OHDSI OMOP CDM is one of the most popular clinical data models for health data warehouses. The simple, but clinically motivated data structure is intuitively appealing to clinicians leading to its good adoption. In this respect, it has overtaken HL7-V3 which is more robust but has a steeper learning curve, especially for clinicians. The OHDSI OMOP CDM is widely used in the pharmaceutical industry for drug monitoring.
FHIR is emerging as the defacto standard for health system interoperability, owing largely to its simplicity and the use of existing and popular standards such as REST. As NoSQL databases become more and popular in healthcare, FHIR can also be a good persistence schema. It aligns well with search technologies such as elasticsearch.
As both standards are popular, conversion from one to the other may be commonly required. Researchers at Georgia Tech have an open-source tool – GT-FHIR2 – for mapping an existing OHDSI OMOP CDM database as FHIR endpoint. However, conversion between existing systems may not be easy with a full-stack solution.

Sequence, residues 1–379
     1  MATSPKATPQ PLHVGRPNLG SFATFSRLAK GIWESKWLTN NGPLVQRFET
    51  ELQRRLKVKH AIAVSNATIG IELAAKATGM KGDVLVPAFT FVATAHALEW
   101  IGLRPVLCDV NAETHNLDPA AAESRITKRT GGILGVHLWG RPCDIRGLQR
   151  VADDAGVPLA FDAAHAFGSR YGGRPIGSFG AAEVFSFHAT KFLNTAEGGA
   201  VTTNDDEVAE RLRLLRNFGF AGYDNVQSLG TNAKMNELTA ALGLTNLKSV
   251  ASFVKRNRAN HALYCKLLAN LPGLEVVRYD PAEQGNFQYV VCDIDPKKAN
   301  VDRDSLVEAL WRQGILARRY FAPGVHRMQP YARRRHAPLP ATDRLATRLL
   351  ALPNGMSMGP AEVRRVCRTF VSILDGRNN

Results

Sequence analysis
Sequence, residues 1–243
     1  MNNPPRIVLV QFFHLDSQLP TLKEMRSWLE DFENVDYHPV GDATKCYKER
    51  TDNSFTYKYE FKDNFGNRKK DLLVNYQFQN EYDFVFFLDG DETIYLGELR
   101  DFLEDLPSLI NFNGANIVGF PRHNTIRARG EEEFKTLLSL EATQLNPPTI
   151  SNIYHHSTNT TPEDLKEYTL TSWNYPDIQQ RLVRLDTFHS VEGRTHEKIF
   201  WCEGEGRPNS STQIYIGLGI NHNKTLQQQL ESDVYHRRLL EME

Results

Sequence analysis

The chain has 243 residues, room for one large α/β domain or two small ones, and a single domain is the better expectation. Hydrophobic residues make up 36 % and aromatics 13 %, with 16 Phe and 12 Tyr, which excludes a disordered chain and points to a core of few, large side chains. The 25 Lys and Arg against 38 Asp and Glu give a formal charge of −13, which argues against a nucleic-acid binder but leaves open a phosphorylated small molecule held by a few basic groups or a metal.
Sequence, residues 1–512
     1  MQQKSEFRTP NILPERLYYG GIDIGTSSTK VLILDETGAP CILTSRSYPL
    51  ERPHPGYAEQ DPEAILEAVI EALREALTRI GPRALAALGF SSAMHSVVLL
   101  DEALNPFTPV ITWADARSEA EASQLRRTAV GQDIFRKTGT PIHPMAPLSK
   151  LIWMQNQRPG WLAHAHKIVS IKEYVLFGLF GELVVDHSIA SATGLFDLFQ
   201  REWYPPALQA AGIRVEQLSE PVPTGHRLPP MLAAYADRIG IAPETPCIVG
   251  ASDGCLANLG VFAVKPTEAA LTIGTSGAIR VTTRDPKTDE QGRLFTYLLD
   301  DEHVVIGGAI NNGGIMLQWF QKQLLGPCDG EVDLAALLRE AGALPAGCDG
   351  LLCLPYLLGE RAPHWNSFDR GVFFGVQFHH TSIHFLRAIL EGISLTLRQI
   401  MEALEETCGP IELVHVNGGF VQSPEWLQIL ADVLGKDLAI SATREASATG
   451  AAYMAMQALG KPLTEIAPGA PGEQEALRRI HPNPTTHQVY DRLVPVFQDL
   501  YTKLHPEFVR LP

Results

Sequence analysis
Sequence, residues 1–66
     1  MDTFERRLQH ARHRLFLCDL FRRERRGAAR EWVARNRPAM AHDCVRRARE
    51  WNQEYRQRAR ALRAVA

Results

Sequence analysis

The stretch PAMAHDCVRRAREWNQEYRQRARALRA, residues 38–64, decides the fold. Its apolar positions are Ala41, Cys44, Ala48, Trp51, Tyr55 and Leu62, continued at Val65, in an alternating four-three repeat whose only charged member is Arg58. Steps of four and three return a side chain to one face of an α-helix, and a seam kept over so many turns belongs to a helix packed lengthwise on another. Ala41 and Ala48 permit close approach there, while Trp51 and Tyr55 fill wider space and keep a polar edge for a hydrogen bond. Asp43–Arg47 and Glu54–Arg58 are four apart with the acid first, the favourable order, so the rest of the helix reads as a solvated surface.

I have a simpler solution that I believe will be useful in the following scenarios:
To export a cohort to a FHIR based analytics tool.
To load new resources to OMOP CDM databases for incremental ETL.
Omopfhirmap is a command-line tool for mapping a OHDSI cohort, defined in ATLAS, to a FHIR bundle that can be optionally submitted to a FHIR server for processing. Conversely, it can process a FHIR bundle and add resources to an existing CDM database ignoring duplicates. Unlike GT-FHIR2, the OMOP on FHIR Project at Georgia Tech omopfhirmap does not expose OMOP database as FHIR endpoints.
I have used spring-boot and JPA for easy wiring of services and abstraction of database and the hapi-fhir as it is an obvious choice for any java based FHIR applications. It is still work in progress and any help will be appreciated (Refer to CONTRBUTING.md).
The COVID-19 pandemic brought to light many of the vulnerabilities in our data collection and analytics workflows. Lack of uniform data models limits the analytical capabilities of public health organizations and many of them have to re-invent the wheel even for basic analysis. As many other sectors embrace big data and machine learning, many healthcare analysts are still stuck with the basic data wrenching with Excel.